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Oosthuizen and Schwartzel combine to shoot low in New Orleans

Ireland’s Graeme McDowell had an average day as he and partner, Matt Wallace, dropped 16 places from ninth to 25th.

Oosthuizen finished with a flourish.
Oosthuizen finished with a flourish.
Image: SIPA USA/PA Images

AFTER THE DIFFICULTIES of yesterday’s alternate-shot format, there was some low scoring at today’s third round of the Zurich Classic of New Orleans, the PGA tour’s lone official two-man team event.

All the teams went out in best-ball format and shot some low scores at TPC Louisiana. On what was a low day for scoring, there were some superb performances, not least from South Africa’s Louis Oosthuizen and Charl Schwartzel. They shot nine under to move into first place, with Australia’s Marc Leishman and Cameron Smith just one shot behind.

Between them, Oosthuizen and Schwartzel fired nine birdies – as Schwartzel carried his partner for the majority of the round, birdying five of the first 13 holes, Oosthuizen getting birdies on 11, 16, then a superb two at the par 3, 17th before he also birdied the last.

Playing ahead of them, Leishman and Smith figured out what worked for them. Their approach play was excellent throughout the day, their putting just as impressive.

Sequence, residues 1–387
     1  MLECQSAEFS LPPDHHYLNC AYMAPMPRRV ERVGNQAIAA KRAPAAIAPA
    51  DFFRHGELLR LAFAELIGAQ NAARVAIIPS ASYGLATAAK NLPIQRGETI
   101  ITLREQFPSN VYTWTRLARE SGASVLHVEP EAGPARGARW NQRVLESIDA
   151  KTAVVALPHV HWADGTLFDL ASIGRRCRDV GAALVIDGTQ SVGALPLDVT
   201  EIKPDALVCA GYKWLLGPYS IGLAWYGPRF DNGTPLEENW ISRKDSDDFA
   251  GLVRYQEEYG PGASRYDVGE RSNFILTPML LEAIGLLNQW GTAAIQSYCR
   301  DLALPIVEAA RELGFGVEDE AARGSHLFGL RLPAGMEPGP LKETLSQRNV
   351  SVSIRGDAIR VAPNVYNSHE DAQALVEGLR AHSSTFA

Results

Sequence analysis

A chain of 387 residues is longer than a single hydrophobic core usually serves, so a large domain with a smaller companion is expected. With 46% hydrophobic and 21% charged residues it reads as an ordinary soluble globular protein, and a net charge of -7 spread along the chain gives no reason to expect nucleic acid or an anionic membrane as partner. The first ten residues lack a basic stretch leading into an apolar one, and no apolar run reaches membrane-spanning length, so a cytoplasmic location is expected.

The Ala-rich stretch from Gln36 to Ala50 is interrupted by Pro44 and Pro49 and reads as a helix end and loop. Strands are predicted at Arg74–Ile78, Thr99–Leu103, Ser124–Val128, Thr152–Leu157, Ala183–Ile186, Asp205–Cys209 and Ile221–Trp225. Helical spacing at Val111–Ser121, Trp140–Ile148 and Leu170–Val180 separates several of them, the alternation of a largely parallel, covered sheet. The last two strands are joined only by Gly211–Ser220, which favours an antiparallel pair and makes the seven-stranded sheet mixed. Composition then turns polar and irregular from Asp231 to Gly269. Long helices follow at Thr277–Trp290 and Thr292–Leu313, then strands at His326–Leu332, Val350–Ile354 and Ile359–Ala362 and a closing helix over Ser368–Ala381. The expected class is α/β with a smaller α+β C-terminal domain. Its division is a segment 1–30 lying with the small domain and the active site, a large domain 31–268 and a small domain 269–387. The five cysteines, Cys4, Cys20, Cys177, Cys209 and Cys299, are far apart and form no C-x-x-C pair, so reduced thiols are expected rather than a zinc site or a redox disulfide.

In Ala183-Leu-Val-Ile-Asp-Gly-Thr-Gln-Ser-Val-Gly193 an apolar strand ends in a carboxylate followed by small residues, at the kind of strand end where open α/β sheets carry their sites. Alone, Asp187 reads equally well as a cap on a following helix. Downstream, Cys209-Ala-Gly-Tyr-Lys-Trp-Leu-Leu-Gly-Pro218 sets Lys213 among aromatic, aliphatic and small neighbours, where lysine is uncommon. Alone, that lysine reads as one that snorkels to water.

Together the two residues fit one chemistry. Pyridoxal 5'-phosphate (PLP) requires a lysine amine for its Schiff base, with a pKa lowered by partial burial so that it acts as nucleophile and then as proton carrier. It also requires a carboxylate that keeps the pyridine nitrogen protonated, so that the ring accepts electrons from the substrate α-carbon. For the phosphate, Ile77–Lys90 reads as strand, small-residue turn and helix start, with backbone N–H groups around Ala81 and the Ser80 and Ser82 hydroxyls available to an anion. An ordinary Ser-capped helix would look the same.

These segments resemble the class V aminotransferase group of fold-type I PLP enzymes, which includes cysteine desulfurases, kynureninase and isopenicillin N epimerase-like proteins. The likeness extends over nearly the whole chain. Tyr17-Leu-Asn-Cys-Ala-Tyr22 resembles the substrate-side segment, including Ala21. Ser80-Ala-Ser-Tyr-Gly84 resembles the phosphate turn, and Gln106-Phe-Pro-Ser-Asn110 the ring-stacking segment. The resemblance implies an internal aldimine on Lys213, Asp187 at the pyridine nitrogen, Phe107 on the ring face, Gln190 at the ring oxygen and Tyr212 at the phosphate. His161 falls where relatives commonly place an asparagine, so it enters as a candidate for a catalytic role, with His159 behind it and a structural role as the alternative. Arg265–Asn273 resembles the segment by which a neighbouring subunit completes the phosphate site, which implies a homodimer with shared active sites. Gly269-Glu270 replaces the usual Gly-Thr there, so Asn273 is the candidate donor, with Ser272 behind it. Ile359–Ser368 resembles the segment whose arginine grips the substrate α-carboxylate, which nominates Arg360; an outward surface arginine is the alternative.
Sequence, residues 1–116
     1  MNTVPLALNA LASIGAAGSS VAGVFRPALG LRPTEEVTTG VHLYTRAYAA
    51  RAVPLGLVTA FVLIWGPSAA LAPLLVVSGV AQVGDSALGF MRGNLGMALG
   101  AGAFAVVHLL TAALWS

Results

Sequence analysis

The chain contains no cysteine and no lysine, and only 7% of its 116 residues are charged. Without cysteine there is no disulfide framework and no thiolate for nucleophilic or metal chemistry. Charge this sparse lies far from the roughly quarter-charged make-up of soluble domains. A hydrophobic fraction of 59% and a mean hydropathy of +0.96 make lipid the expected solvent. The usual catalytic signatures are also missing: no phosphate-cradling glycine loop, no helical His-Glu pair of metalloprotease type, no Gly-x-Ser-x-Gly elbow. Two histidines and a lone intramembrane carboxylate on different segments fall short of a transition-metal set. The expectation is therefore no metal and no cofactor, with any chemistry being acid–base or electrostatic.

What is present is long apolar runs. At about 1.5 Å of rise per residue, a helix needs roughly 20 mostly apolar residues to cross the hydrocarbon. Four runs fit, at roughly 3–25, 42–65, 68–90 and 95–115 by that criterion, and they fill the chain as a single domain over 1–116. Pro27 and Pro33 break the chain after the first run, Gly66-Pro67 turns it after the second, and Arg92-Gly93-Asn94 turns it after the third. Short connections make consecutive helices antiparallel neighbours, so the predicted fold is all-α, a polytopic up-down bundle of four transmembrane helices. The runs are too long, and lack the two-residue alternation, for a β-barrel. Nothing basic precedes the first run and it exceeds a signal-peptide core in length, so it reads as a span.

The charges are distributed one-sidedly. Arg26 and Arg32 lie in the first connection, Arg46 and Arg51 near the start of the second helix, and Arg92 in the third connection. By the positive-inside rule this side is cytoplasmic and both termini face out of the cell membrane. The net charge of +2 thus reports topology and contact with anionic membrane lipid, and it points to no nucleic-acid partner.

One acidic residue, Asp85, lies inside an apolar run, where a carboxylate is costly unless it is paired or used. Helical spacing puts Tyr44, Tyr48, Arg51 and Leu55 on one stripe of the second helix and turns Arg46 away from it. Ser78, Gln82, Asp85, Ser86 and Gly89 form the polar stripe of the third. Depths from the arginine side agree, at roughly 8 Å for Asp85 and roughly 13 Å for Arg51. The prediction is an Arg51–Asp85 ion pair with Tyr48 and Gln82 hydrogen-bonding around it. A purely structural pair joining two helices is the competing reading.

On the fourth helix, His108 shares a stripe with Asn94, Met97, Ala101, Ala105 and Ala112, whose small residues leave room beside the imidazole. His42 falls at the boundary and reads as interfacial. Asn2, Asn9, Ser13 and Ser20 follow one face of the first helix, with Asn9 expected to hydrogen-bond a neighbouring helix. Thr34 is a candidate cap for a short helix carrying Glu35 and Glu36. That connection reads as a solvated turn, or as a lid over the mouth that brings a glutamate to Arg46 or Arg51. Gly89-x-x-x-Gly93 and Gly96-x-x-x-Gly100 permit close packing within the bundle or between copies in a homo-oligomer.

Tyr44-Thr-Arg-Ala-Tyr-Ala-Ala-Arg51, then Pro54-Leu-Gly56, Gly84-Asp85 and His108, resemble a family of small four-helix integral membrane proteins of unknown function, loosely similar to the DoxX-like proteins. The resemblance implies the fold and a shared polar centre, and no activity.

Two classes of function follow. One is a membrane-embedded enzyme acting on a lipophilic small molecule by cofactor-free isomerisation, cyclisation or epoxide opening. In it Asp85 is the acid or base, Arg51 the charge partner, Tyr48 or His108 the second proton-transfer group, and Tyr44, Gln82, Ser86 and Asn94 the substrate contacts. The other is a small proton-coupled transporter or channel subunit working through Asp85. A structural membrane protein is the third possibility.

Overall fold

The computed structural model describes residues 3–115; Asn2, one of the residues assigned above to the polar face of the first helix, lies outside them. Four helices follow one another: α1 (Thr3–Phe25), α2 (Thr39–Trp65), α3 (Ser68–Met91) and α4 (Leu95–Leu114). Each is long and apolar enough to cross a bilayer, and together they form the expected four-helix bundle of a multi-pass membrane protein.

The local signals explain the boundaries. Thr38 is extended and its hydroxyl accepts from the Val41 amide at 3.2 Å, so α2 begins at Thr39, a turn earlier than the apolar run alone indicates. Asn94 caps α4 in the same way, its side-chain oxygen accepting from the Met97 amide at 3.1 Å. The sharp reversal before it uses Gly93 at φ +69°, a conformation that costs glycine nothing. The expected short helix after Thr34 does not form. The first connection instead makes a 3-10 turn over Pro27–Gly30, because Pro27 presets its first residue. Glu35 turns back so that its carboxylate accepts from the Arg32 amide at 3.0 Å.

Smith was on fire on the front nine, birdying the first, then a par 3, third. Birdies on five and eight followed but he failed to replicate that form on the back nine, leaving it to Leishman to take hold of the baton.

He did it effortlessly. In total, he had five birdies, three on the back nine and after sharing the lead with their South African rivals for much of the afternoon, they fell one back when Oosthuizen birdied his final hole.

Plenty of others are in contention. Big hitters Tony Finau and Cameron Champ were on 17-under through 17, after leading the tournament on 13-under 131 through 36 holes. Joining them there were Scottie Scheffler and Bubba Watson who shot 6-under today.

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The foursomes format, seldomly played outside of Presidents Cup, Ryder Cup matches, offered a big test of the players’ resolve yesterday.  

“Foursomes is always a tricky format,” said Henrik Stenson, the 2016 Open champion. “We know that. But it’s never going to be as tricky when you’ve got a good partner like I do. We talked about that earlier in the week, to trust, and having done this so many times before, we kind of go about things like we normally do. Yeah, we played a very solid round of foursomes out there.”

Ireland’s Graeme McDowell had an average day, relying on partner, Matt Wallace, to carry him. They dropped 16 places from ninth to 25th, even though they shot 68, highlighting how well everyone else played.

About the author:

Garry Doyle

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